I have analysed the overall finishing numbers and how each division compares. Can we expect the same trends to appear in title fights not including interim championship bouts?




Interestingly, there appears to be no correlation and the results of title fights are completely random regardless of era and weight. Championship fights are all about individuals and stylistic match-ups.

For example, between 2007 and 2012 you had Anderson Silva dusting everyone until Chris Weidman caught his chin and then his shin bone. Between 2007 and 2013 you had Georges St-Pierre dominate but the division was so competitive that most of his fights ended in a decision.

In the Lightweight division, BJ Penn finished all his title fights but then he was dethroned by the decision king Frankie Edgar and then Benson Henson took over with more decisions. This comes down to their style but also how competitive the fights are.

Contrastingly, you can look at Ronda Rousey who was collecting arms and chins like groceries until she met Holly Holm and Amanda Nunes. Then, Nunes picked up where Rousey left off. Nunes, unlike most champions, is picking up more knockouts as time goes on.

So, bearing in mind the individual champions, let’s take a look how the divisions compare not including interim title fights:


Unsurprisingly, women’s Bantamweight has the lowest decision percentage thanks to Rousey and Nunes, with contributions from Holly Holm and Miesha Tate. Welterweight and Lightweight also have the lowest knockout percentages mainly due to the competitiveness of the division but they are good representations as there have been 18 different champions (9 Welterweight and 9 Lightweight) in the divisions since 2001. Women’s Flyweight has the highest rate of decisions but there have only been 5 title fights in UFC history.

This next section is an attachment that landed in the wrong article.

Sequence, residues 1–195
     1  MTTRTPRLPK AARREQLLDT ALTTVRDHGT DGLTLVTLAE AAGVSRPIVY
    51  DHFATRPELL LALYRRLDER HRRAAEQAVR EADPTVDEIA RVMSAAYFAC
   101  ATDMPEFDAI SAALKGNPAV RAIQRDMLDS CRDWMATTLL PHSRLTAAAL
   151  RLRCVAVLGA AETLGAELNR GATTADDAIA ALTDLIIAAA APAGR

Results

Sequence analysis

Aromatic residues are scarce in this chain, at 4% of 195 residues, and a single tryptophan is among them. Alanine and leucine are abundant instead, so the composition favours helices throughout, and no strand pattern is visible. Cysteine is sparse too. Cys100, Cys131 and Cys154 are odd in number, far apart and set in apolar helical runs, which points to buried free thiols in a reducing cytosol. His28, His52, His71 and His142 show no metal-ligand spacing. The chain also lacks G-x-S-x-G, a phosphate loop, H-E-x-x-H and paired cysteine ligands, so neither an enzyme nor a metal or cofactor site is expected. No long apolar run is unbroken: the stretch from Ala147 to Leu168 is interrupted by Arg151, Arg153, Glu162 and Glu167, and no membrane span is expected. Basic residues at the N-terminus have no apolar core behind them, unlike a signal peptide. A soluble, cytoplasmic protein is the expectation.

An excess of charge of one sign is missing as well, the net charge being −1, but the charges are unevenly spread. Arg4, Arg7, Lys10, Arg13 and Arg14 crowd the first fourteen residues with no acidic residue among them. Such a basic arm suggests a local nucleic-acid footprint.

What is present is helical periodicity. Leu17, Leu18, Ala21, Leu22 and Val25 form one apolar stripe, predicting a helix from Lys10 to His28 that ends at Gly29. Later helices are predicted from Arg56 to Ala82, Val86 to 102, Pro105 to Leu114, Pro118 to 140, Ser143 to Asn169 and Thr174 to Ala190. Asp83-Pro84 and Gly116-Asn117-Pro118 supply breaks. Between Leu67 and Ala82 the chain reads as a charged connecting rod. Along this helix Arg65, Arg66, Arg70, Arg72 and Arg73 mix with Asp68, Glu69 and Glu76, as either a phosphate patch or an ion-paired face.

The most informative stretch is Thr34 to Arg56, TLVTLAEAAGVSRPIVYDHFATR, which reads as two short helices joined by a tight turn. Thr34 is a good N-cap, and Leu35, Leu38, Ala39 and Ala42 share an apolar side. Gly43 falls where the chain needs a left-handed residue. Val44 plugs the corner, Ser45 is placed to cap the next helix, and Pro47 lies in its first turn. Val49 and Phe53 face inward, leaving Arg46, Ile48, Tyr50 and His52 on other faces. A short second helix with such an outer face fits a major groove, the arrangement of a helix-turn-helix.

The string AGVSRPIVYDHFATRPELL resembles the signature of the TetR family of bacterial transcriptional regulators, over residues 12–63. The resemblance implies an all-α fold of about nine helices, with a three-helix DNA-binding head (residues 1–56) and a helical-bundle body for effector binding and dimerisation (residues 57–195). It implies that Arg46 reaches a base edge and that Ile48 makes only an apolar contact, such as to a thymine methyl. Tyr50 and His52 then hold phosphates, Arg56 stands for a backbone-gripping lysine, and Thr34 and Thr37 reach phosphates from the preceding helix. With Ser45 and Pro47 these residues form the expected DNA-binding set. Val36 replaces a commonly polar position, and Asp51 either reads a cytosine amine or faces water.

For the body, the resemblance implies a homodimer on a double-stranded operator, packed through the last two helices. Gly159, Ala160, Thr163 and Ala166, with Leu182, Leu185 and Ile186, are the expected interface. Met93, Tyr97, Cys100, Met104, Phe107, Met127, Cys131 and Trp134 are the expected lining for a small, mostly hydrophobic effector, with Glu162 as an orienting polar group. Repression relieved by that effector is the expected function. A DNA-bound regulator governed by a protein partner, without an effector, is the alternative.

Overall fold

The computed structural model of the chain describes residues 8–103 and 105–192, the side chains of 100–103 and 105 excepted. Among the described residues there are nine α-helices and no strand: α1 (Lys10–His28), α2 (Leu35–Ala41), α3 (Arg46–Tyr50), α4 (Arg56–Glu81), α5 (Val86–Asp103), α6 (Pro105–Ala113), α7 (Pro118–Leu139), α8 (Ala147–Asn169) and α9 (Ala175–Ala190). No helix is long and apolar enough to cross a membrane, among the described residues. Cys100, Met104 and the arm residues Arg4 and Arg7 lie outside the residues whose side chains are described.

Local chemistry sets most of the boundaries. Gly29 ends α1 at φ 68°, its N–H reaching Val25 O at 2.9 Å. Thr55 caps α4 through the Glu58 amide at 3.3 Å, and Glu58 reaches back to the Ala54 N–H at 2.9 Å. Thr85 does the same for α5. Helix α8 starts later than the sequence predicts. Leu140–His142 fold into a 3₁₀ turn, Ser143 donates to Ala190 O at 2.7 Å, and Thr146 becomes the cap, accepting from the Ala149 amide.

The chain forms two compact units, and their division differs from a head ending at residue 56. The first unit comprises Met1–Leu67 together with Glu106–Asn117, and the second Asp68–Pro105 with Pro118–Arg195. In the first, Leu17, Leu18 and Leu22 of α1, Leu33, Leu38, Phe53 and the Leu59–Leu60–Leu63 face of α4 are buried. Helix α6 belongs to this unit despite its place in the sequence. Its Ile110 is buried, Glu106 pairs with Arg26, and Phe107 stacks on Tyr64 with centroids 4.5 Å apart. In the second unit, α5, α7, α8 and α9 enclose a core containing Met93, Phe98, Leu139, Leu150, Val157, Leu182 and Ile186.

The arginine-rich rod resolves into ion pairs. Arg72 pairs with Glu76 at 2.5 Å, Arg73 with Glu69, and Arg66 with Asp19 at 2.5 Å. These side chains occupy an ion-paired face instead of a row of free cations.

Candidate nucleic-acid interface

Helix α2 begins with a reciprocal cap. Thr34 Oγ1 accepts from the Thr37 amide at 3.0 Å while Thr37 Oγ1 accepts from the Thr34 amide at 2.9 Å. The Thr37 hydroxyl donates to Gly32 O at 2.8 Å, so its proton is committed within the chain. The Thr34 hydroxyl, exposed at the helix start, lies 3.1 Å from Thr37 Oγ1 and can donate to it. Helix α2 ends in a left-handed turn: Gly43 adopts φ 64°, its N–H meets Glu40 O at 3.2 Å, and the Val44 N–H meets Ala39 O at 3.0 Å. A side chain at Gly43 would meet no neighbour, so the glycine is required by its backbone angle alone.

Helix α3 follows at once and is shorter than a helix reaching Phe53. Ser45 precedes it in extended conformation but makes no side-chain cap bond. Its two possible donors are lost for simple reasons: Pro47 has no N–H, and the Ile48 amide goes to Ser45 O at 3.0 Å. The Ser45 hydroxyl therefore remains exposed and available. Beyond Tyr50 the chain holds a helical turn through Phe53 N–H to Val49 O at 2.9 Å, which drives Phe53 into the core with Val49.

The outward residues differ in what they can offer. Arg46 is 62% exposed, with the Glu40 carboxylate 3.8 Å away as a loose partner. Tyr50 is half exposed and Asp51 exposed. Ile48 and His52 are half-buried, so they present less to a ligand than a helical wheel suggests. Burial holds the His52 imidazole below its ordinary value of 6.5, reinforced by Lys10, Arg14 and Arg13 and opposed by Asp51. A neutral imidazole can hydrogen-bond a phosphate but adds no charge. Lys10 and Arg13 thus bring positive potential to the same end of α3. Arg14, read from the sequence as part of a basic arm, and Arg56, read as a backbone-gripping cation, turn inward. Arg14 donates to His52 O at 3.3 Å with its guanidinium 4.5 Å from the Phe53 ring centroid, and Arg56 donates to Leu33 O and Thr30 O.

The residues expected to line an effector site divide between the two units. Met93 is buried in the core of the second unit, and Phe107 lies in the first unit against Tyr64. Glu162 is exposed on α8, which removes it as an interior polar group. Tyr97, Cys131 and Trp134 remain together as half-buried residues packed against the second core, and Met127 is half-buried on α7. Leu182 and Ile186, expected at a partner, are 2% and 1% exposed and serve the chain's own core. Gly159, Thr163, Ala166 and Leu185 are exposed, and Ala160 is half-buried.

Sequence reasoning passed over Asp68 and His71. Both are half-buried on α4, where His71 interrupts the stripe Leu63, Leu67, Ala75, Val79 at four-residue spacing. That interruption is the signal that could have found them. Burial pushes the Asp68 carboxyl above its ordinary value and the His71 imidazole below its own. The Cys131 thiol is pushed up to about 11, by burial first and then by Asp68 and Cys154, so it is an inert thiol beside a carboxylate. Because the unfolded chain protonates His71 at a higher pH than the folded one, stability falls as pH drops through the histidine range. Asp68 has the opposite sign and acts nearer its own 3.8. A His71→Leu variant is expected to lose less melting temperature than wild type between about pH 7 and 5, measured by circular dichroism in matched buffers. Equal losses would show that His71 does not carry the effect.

Heavyweight has the highest knockout percentage which is no surprise and interestingly Bantamweight has the second highest percentage with 62%. This rate is courtesy of Renan Barao and TJ Dillashaw, who claimed all of the knockouts (Barao 3 and Dillashaw 5). However, if Dominick Cruz stayed healthy and remained the champ, the percentage would be different.

The percentages for Flyweight are all due to Demetrious Johnson. He is a seamless fighter capable of all types of finish, plus he struggled to find any Flyweights on his level until Henry Cejudo pulled off a shock decision in 2018.

So, are there more or less finishes in title fights? Let’s take a look at how title fight finishes compare to the overall finishes in the UFC:


There are fewer submissions in title fights but there are more knockouts, which is great to see as there is nothing more hair raising than a highly anticipated title fight ending in a knockout.


Looking at the overall percentages of finishes, here is a comparison between men and women:

The rate of submissions are similar and there are a lot less knockouts in women's fights. This mainly comes down to the difference in power but there are five heavier male weight classes, so for a fairer comparison let’s breakdown the finishing of the men’s Featherweight, Bantamweight and Flyweight divisions:

This still is not completely fair as there is no men’s Strawweight division and there have been a lot more male Featherweight and Bantamweight fights. That said, there is still a clear difference.

What are your thoughts?

Why do you think there are fewer finishes as time goes on?

Do you think this trend will continue or plateau?

Is it a worry for the entertainment factor of MMA in the future?

Visit here for more analysis from MMA expert Ewan Lavender

TSZ Latest